Spring might be a time when everything I want to see growing quickly is belting along as hoped for, but the sad fact is that all the plants which I'd be delighted to see keeling over are some of the healthiest, most vigorous things out there. They're the weeds, the rotten things.
I'm an early riser, and like to spend a bit of time every morning checking on the garden, but that pleasant little ramble often turns into me pulling out more weeds. It's a never-ending chore, and while I hate the weeds in one way I do have a grudging admiration for their tenacity and survival smarts.
|This isn't a new photo, but as it's the Mother of All|
Onion Weeds ever dug up from my garden, I'll use it
again, as it shows what we're up against. Not just one
weed but Mum and a few dozen kiddies.
|Dig Mum out of the ground and dozens of bulblets|
quickly jesttison from the Mother Ship, staying behind
in the soil, ready to start up another colony.
I'm not a fan of using weedkillers such as glyphosate sprays (Zero, Roundup) in any food-producing garden bed, so I still soldier on digging out onion weed. When I spot a plant I dig deep, taking up not just the weed and its bulb, but a good-sized clump of soil around it. It's not a perfect method and a few do come back up, but not so energetically as before. When digging over all the different garden beds for this recent revamp, dozens and dozens and dozens of onion weed civilisations fell... and yet they're still coming back now, if not as strong as before. As I said, never ending story.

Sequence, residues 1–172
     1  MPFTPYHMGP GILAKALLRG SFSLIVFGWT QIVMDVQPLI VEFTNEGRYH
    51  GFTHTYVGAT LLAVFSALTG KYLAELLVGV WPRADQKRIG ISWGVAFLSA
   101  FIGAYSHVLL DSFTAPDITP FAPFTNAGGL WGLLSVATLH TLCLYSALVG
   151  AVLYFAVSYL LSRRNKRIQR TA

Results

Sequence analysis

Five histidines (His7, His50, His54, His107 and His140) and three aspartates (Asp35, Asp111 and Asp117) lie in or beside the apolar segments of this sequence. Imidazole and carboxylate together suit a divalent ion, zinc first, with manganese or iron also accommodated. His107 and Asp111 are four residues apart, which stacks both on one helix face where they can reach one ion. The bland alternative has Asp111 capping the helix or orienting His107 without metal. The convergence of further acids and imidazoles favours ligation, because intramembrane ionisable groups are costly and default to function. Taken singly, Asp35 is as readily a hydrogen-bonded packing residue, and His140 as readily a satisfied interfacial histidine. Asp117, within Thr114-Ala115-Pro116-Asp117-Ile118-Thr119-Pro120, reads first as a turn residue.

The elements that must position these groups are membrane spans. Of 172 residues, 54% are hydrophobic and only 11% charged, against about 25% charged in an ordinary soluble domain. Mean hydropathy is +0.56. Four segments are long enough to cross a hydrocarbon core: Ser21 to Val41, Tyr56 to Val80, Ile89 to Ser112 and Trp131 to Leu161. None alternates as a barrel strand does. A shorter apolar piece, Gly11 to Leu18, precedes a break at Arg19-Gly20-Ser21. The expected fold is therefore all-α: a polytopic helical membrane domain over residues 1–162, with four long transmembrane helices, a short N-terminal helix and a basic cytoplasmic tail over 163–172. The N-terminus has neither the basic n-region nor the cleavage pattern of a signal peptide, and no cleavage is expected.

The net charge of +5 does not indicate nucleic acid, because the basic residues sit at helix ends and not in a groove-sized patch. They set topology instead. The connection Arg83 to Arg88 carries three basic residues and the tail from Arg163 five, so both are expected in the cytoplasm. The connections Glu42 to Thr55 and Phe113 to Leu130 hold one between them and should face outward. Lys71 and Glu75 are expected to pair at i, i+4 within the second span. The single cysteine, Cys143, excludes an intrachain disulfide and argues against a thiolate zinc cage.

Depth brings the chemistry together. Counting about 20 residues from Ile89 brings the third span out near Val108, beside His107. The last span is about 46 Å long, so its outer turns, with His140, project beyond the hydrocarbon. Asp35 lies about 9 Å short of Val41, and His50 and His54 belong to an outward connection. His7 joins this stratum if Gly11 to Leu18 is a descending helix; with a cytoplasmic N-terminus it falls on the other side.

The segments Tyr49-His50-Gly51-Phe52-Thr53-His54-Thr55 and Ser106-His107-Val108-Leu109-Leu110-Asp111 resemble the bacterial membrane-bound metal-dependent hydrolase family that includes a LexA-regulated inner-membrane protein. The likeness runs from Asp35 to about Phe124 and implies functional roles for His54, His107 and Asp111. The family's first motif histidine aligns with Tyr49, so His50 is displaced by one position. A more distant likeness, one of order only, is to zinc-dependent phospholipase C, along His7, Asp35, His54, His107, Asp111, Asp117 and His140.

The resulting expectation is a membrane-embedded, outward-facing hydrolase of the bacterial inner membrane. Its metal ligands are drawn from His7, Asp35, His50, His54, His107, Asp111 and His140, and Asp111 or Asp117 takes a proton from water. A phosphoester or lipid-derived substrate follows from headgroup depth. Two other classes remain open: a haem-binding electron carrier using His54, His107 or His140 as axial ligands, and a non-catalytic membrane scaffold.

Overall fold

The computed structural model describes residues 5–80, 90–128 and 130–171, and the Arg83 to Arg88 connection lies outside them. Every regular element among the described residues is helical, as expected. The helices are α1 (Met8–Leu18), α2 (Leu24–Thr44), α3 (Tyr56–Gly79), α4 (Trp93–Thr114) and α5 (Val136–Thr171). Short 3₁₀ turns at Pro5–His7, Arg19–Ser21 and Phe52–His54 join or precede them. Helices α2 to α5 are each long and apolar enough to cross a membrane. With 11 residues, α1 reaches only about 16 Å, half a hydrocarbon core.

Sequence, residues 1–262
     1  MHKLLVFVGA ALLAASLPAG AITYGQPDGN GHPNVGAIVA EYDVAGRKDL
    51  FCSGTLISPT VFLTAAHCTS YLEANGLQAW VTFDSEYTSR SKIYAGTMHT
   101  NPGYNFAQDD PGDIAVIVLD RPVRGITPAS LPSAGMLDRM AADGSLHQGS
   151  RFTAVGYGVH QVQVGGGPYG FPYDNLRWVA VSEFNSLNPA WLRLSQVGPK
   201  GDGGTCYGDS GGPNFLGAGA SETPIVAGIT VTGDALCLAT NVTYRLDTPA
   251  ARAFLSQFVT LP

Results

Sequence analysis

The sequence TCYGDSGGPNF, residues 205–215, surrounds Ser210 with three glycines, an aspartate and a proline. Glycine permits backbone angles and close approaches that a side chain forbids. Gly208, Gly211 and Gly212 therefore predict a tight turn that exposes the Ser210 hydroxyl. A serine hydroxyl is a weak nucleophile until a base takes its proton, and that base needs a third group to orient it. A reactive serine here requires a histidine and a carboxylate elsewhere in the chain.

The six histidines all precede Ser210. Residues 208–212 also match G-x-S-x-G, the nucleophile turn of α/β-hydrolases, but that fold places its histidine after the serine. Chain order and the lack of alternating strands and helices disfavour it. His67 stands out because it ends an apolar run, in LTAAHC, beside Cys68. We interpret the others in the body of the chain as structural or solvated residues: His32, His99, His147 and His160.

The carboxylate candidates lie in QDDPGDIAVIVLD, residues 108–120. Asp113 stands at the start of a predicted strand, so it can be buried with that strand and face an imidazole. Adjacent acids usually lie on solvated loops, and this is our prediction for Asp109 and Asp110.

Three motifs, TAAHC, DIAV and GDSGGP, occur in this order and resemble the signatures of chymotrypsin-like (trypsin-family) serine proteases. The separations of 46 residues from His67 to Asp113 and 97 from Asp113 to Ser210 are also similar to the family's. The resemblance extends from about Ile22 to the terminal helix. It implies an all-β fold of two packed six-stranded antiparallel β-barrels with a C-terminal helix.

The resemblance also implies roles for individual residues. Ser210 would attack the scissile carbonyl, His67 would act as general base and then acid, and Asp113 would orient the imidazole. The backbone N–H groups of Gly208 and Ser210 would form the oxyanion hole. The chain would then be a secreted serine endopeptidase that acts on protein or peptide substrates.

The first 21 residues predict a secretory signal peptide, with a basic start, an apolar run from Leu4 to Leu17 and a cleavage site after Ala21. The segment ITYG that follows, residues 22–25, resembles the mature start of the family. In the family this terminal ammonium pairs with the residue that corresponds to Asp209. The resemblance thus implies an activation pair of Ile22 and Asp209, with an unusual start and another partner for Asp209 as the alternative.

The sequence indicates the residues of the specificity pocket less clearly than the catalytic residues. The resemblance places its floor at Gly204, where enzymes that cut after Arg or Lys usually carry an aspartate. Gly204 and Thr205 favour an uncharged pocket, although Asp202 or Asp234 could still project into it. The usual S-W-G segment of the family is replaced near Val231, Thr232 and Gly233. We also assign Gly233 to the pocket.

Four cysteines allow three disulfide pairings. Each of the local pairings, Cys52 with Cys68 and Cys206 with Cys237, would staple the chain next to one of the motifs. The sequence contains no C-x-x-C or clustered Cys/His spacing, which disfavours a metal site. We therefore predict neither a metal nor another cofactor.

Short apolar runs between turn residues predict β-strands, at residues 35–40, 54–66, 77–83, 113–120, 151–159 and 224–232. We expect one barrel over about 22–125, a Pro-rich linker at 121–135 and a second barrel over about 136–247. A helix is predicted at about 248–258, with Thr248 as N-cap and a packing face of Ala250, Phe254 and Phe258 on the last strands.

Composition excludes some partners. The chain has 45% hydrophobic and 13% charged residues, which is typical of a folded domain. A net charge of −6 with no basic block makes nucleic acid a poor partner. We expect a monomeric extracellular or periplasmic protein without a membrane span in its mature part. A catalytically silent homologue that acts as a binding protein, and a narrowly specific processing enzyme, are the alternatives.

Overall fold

|The other major pest here is oxalis, both|
the type with bulbs at the base...
|...and the multi-branching types with|
the super-long taproots. Both are truly
despicable weeds which have a
permanent lease over my garden.
I think I am actually slowly breeding up a new and nastier uber-oxalis over time. I've noticed that the light green oxalis pictured here, which is fairly easy to see, is becoming outnumbered by a darker-leaved type which is much harder to see. I must be leaving that dark-leaved one behind more often as I weed my way around the place. Serves me right, I should just let this easy-to-spot light green oxalis take over the garden and count myself lucky!
I really could turn my garden into a weed display village in fact, despite my diligence with the weeding fork every morning. Yes, we also have some superb little displays of tradescantia (wandering jew), pellitory (asthma weed), dandelions, chick weed clusters, plus several other little low-growing horrors which colonise cracks in paving and spread from there. Don't know all their names, unfortunately.
All I can do is pull 'em out when I see them, and keep on pulling them out. It's a never-ending story.